never seen. Your locks blind me with their brightness. Never have I seen such
hair, not even among the fairest daughters of the Aesir. By Ymir—"
"Who are you to swear by Ymir?" she mocked. "What know you of the gods of
ice and snow, you who have come up from the south to adventure among an alien
"By the dark gods of my own race!" he cried in anger. "Though I am not of
the golden-haired Aesir, none has been more forward in sword-play! This day I
have seen four score men fall, and I alone have survived the field where
Wulfhere's reavers met the wolves of Bragi. Tell me, woman, have you seen the
flash of mail out across the snow-plains, or seen armed men moving upon the
"I have seen the hoar-frost glittering in the sun," she answered. "I have
heard the wind whispering across the everlasting snows."
He shook his head with a sigh.
"Niord should have come up with us before the battle joined. I fear he and
his fighting-men have been ambushed. Wulfhere and his warriors lie dead.
"I had thought there was no village within many leagues of this spot, for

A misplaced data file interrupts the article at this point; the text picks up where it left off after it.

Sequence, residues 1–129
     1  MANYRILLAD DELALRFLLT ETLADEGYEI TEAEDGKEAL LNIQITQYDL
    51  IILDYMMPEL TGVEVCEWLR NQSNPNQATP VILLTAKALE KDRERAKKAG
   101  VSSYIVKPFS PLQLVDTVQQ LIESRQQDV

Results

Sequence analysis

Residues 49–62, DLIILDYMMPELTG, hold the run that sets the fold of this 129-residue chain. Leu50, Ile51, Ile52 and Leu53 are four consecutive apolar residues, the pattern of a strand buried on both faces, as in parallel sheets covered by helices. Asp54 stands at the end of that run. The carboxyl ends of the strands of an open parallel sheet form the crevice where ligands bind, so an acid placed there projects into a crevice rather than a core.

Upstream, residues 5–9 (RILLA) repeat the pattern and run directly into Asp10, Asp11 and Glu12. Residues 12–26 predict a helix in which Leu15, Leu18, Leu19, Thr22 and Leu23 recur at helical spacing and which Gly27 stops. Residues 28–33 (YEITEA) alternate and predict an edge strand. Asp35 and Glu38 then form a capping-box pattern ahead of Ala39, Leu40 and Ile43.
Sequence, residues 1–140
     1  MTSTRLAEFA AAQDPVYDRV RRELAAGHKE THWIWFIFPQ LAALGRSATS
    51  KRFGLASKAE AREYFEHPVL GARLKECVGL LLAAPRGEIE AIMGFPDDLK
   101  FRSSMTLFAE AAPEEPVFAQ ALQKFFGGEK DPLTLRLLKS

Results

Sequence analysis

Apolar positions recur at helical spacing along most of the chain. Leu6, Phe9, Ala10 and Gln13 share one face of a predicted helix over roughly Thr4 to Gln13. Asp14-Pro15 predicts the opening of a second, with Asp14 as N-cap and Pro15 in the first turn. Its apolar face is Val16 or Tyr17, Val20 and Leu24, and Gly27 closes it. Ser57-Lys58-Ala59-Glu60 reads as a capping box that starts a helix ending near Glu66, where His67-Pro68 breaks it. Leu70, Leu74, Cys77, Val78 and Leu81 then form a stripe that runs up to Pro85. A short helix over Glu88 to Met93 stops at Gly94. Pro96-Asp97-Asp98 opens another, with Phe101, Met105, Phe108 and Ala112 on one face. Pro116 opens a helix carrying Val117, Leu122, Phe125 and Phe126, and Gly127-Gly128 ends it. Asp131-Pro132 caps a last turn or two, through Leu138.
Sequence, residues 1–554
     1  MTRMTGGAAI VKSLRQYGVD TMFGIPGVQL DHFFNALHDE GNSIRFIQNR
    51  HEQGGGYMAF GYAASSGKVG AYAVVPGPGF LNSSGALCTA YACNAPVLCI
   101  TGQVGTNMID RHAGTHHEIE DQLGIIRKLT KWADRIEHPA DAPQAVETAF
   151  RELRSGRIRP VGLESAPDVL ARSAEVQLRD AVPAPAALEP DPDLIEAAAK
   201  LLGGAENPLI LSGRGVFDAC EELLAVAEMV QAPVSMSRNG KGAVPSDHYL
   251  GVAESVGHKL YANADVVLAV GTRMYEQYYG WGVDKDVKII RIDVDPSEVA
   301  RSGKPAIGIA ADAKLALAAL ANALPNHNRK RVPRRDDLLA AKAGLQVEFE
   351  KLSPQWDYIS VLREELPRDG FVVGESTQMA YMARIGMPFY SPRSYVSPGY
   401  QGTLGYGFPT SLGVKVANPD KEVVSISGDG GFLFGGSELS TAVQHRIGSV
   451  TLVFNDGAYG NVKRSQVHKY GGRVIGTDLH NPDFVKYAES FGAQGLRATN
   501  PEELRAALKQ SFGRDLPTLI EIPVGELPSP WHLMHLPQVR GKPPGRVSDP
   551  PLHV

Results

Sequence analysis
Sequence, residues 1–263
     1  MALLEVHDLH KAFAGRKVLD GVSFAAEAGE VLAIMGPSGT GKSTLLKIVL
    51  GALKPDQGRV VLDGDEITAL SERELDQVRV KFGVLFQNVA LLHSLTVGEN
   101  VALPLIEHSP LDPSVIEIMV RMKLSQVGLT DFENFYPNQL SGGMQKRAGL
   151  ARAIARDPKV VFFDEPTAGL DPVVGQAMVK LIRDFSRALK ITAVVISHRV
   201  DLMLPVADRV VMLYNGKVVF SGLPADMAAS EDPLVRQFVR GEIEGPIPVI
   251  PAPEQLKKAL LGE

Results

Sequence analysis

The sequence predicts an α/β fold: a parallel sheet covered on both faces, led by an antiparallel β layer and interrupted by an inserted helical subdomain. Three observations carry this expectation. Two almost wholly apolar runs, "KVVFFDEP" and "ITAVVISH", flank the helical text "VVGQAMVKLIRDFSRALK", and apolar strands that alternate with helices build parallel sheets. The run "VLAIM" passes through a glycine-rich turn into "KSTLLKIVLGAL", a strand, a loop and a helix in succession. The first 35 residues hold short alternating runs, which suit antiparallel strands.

the war carried us far, but you can not have come a great distance over these
snows, naked as you are. Lead me to your tribe, if you are of Asgard, for I
am faint with blows and the weariness of strife."
"My village is further than you can walk, Conan of Cimmeria," she laughed.
Spreading her arms wide, she swayed before him, her golden head lolling
sensuously, her scintillant eyes half shadowed beneath their long silken
lashes. "Am I not beautiful, oh man?"
"Like Dawn running naked on the snows," he muttered, his eyes burning like
those of a wolf.
"Then why do you not rise and follow me? Who is the strong warrior who
falls down before me?" she chanted in maddening mockery. "Lie down and die in
the snow with the other fools, Conan of the black hair. You can not follow
where I would lead."
With an oath the Cimmerian heaved himself up on his feet, his blue eyes